Social networks have effectively changed the way we…well, do pretty much everything. We interact differently, work differently, and even view the world differently since the birth of Facebook – there’s even talk that it’s bringing about a fundamental change in the way we think. It should thus come as no surprise that they’ve also had a considerable impact on the world of MMOs.
Here’s just a few ways that they’re re-shaping both the present and the future of the industry. I’ll let you folks be the judge of whether that’s for good or for ill.
A New Medium
With how successful many Facebook games have been (a partnership between Facebook and Zynga effectively put the latter on the map before it crashed and burned), it’s no surprise that many developers are beginning to turn their eye to the social network. The nature of Facebook – a massive, interconnected communications hub that pretty much everyone uses – makes it uniquely suited as a platform for MMO developers particularly given how many games on the network feature grinding as a core mechanic.
All an MMO developer really needs to do is offer some sweet incentives, and they’ve effectively already attained an audience. Naturally, Facebook MMOs are going to look vastly different from more traditional fare, but we don’t really have time to get into the intimate details here. If you’re really keen on finding out more, I’d direct your attention to a rather excellent piece posted over on Joystiq.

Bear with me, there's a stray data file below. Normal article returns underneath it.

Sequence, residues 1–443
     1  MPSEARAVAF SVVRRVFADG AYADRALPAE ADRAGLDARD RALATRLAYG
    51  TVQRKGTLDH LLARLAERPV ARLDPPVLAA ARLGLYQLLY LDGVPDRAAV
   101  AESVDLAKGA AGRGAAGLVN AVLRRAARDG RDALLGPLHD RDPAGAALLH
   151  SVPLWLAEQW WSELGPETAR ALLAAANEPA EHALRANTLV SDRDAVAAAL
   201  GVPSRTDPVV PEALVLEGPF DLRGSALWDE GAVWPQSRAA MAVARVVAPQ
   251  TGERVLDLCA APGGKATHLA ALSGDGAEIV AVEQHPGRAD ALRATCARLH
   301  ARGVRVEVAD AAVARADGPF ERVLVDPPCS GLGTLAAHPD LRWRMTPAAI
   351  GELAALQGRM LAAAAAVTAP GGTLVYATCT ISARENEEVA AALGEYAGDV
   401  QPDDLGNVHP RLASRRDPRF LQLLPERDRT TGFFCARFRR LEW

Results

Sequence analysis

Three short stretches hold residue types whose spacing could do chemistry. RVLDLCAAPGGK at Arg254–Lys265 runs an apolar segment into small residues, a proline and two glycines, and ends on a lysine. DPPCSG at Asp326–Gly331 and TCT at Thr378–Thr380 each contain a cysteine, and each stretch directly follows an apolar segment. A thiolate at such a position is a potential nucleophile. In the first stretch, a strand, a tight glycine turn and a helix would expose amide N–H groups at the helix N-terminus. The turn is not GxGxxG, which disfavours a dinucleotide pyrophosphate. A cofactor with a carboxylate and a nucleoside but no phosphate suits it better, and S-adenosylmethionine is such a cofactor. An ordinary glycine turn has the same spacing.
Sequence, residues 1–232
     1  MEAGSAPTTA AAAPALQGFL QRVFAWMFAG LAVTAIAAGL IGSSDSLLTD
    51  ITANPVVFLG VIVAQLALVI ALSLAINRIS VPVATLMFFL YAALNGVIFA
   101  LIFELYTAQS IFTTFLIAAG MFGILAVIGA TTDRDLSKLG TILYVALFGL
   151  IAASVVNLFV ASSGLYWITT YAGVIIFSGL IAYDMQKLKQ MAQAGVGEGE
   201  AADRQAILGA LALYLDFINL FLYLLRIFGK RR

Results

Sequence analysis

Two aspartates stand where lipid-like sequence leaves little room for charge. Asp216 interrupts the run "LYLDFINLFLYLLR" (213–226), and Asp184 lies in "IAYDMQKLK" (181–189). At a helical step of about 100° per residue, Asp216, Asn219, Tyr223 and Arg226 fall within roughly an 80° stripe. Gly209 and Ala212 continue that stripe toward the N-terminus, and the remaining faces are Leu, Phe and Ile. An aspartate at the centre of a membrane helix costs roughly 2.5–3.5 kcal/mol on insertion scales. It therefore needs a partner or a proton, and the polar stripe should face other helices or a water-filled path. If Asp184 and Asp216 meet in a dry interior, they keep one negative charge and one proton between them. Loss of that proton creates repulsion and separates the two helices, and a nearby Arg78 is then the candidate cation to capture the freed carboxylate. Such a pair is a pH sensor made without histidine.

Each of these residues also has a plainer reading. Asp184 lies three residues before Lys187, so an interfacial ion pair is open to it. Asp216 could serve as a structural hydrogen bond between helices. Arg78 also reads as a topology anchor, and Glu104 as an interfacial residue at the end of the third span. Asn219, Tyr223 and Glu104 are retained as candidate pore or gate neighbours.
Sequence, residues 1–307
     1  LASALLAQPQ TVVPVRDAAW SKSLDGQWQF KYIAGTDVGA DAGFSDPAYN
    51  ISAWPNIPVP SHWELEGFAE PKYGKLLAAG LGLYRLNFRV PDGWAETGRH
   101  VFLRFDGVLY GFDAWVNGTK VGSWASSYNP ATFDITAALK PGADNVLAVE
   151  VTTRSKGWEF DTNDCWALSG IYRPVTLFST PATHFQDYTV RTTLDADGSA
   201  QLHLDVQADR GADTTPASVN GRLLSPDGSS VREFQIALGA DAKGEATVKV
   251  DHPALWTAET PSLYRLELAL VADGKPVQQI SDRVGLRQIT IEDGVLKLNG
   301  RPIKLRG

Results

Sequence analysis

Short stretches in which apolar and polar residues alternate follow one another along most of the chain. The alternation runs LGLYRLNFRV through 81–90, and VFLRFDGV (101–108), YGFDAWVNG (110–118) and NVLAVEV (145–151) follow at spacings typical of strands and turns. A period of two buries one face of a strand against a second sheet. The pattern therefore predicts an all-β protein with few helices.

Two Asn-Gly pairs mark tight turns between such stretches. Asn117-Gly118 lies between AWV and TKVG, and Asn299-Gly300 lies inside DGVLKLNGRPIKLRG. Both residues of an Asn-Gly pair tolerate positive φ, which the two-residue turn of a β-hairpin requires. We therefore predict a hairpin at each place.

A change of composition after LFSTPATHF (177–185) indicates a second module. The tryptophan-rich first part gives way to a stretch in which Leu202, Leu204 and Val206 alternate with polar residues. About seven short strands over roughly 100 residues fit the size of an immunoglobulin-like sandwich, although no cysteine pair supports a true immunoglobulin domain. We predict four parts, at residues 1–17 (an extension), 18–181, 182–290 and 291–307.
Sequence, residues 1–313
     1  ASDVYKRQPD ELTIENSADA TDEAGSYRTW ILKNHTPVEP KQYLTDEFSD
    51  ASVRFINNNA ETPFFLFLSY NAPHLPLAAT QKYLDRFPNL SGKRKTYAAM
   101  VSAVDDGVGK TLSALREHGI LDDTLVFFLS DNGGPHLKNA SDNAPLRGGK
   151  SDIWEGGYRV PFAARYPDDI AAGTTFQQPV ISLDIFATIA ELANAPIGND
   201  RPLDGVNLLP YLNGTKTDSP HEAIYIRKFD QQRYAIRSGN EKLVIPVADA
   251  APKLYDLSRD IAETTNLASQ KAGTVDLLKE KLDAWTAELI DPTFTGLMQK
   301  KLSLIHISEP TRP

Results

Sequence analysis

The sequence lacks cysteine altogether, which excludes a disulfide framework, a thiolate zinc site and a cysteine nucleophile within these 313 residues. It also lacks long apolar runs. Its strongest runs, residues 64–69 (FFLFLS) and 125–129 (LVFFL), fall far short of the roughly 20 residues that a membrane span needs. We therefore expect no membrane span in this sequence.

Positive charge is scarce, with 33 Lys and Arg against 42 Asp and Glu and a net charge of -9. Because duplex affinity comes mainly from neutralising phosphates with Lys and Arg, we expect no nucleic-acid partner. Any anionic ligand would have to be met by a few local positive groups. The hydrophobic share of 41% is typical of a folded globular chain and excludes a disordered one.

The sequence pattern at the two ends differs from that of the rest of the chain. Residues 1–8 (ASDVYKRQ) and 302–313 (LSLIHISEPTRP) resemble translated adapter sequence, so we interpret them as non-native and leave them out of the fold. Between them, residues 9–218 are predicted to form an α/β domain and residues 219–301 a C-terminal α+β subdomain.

Facebook MMOs are just the tip of the Iceberg, too.
Integration and Share-Ability
Let’s be honest. Pretty much everyone here has an account on at least one social network – probably even several. It’s how many of us communicate. Hell, let’s be honest – it’s how many of us define our social lives. Developers are aware of that, and as a result, MMOs are becoming ever more tied in with social sites. Since that’s where all their friends tend to be, many folks are genuinely interested in sharing their accomplishments.
I’d not be at all surprised to see at least one dev try to implement in-game tweet and share buttons in the near future – nor would I be shocked to see people actually using them.
One side effect of the shift towards social media is that consumers and organizations are now closer to one another than they’ve ever been before. The relationships between players, and those between players and developers, have never been closer. That’s both good and bad, of course. On the one hand, it keeps them accountable – more on that in a moment. On the other, well…let’s just say that the more toxic folks online don’t always attack other players.
(Potentially) More Accountability
Feasibly, developers are hold accountable and taken to task for their mistakes more often now than they ever were (even if many people don’t understand how to do such a thing diplomatically). The raw, unfiltered nature of websites such as Twitter means that if there’s something wrong with an MMO – if a developer makes any mistake glaring enough to catch the attention of its players – they’ll know almost instantly.